Another example of leadership came after a recent synod in Southern Africa turned down a resolution to strengthen pastoral care, including authorising blessings of same-sex civil unions. However substantial numbers backed this, including 45 per cent of those voting in the house of clergy. Thabo Makgoba, the Archbishop of Cape Town, tried to console those deeply disappointed.

He said, “the debate is not over. Without trying to predict its ultimate outcome, or to suggest what that should be, it was notable that a number of opponents of the motion did not reject it out of hand, but suggested instead that opinion in our Church was not yet ready for such a move.” He told “our lesbian and gay sisters and brothers” that “I was deeply pained by the outcome of the debate. I was glad I wear glasses or the Synod would have seen the tears.”

Opposition to inclusion

In contrast, the Archbishop of Sydney, Glenn Davies, has refused to renew the licence of a Sydney priest, Keith Mascord, due to his views on the Bible and support for equal marriage. He was informed he could still minister in his parish only if he desisted from teaching "specifically on the issue of same-sex relationships". Sixty-eight Australian clergy and lay leaders have signed a petition protesting against this.

International groupings opposed to greater inclusion have also been rallying. The Global South Primates and GAFCON Primates Council wrote that “the brokenness of our world produces many aspects of human behaviour which are contrary to God’s good design. These include slander, greed, malice, hatred, jealousy, dishonesty, selfishness, envy and murder, as well as fornication, adultery and same-sex unions... We hold these convictions based on the clear teaching of Scripture.” To “condone same-sex unions” would be “tampering with the foundation of our faith once for all laid down by the apostles and the prophets, with Christ Jesus himself as the chief cornerstone (Ephesians 2: 20-22; 1 Corinthians 3:10-11; Jude 3).”

Several Church of England bishops were reportedly present, including one of the members of the bishops’ working group. A Global South communiqué warned the Church of England, which has a “unique role in the life of the Communion”, against accepting blessings of same-sex unions. This “would have serious implications for us should it occur.” There have been warnings too by prominent Anglicans in England.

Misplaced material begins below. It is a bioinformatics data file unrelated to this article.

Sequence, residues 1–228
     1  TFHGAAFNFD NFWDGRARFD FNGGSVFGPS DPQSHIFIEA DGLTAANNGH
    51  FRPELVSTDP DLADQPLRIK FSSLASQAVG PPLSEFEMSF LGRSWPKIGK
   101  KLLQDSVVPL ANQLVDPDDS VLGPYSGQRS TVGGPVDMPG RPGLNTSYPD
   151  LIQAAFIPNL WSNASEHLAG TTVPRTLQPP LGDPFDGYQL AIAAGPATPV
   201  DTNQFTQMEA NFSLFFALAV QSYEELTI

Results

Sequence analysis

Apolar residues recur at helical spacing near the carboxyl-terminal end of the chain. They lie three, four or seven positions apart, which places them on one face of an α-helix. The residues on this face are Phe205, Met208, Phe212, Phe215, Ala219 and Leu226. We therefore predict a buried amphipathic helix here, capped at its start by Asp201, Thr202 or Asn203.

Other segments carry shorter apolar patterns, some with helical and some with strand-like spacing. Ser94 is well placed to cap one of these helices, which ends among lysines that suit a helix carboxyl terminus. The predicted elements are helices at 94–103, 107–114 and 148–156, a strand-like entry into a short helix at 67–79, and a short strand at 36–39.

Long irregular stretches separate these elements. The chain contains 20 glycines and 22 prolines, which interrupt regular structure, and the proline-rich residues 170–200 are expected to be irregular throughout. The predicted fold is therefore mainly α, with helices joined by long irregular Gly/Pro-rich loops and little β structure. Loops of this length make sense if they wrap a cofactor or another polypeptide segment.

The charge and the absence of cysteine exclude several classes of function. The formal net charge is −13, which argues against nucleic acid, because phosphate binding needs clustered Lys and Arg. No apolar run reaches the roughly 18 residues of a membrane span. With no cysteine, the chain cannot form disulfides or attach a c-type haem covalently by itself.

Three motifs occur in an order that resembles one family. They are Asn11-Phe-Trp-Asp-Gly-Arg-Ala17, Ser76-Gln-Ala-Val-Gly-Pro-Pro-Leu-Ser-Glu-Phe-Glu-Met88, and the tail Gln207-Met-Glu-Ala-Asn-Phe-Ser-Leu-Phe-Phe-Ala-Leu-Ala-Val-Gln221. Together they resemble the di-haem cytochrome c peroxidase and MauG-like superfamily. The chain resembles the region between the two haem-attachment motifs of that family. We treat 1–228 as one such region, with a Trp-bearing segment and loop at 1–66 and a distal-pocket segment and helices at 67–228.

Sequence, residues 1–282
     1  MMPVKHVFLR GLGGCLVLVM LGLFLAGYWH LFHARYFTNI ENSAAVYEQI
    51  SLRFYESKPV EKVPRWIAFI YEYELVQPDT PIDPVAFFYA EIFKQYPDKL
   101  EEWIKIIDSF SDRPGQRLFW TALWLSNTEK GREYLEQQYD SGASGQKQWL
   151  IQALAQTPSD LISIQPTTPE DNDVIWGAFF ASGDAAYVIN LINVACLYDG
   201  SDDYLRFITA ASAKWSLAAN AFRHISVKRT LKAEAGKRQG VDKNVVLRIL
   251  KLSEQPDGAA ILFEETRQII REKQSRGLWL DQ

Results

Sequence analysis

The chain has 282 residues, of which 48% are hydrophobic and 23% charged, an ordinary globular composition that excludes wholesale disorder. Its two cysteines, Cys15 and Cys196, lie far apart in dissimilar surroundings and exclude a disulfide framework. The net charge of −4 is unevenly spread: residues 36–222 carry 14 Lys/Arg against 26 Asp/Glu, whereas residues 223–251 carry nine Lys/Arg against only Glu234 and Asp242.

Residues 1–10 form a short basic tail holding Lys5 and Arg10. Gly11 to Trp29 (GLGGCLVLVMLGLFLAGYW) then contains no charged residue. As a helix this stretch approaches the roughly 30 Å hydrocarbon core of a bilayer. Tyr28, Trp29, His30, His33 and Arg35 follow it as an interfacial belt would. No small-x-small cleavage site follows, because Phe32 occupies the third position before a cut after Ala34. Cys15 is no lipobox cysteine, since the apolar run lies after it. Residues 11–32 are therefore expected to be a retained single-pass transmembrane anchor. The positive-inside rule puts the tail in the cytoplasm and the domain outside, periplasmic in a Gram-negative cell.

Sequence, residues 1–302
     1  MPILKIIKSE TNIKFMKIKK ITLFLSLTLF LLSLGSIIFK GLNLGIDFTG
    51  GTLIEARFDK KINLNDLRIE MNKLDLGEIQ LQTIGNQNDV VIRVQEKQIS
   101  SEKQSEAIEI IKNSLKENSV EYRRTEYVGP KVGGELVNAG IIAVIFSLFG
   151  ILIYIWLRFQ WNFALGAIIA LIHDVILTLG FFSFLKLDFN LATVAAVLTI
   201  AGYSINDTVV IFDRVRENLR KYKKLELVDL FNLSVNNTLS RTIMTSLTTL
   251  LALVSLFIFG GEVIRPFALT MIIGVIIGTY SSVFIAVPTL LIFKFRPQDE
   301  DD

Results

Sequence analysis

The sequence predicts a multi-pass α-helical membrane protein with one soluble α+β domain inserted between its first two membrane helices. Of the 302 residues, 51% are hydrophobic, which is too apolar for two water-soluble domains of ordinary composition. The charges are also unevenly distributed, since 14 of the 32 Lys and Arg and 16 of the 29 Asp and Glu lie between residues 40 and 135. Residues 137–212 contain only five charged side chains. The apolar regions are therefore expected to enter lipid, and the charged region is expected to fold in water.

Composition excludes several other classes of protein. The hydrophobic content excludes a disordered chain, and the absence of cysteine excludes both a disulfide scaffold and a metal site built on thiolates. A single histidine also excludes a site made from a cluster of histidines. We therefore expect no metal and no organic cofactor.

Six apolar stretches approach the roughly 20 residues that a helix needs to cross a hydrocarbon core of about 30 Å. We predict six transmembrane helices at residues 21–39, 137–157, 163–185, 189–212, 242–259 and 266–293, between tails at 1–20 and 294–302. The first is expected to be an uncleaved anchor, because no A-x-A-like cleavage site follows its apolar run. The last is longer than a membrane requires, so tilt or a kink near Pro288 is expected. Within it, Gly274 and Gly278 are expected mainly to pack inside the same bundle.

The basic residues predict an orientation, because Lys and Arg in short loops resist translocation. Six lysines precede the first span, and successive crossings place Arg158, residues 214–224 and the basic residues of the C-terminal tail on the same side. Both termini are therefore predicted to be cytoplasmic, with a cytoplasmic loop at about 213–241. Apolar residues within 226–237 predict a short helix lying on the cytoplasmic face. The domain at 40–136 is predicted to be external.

Moving forward boldly

For leaders of the Church of England and other churches, Anglican and otherwise, it can be tempting to shy away from challenging those with very strong views which have so far held sway. However this poses several problems.

To begin with, among theologians and at grassroots level in many such churches, opinions have been changing. People have increasingly been drawn to the notion of a church as just, loving and inclusive as Jesus and put off by the idea of not loving their LGBTI neighbours as themselves or, if LGBTI, of holding second-class status. In some cases there is an embarrassing gap between official pronouncements and what happens at local level.

In addition, when the church is perceived as unkind, unjust and not open to reason, it puts off many outside, thus damaging mission. And the pastoral damage is also considerable. While senior figures often pay more attention to those already holding power and privilege, it would seem obvious that upsetting someone committed to the status quo is not quite the same as fostering suicidal thoughts in a teenager.

It is to be hoped that bishops and moderators will have the courage and wisdom to act. Yet often change is brought about primarily by those with less status and outward authority. As 1 Corinthians 1 puts it, “God chose what is low and despised in the world, things that are not, to reduce to nothing things that are.”


© Savitri Hensman is an Ekklesia associate and respected commentator on welfare and other issues. She is author of the book Sexuality, struggle and saintliness: same-sex love and the church (Ekklesia, 2016): http://www.ekklesia.co.uk/node/22613 and has been involved in seeking greater inclusion.

Although the views expressed in this article do not necessarily represent the views of Ekklesia, the article may reflect Ekklesia's values. If you use Ekklesia's news briefings please consider making a donation to sponsor Ekklesia's work here.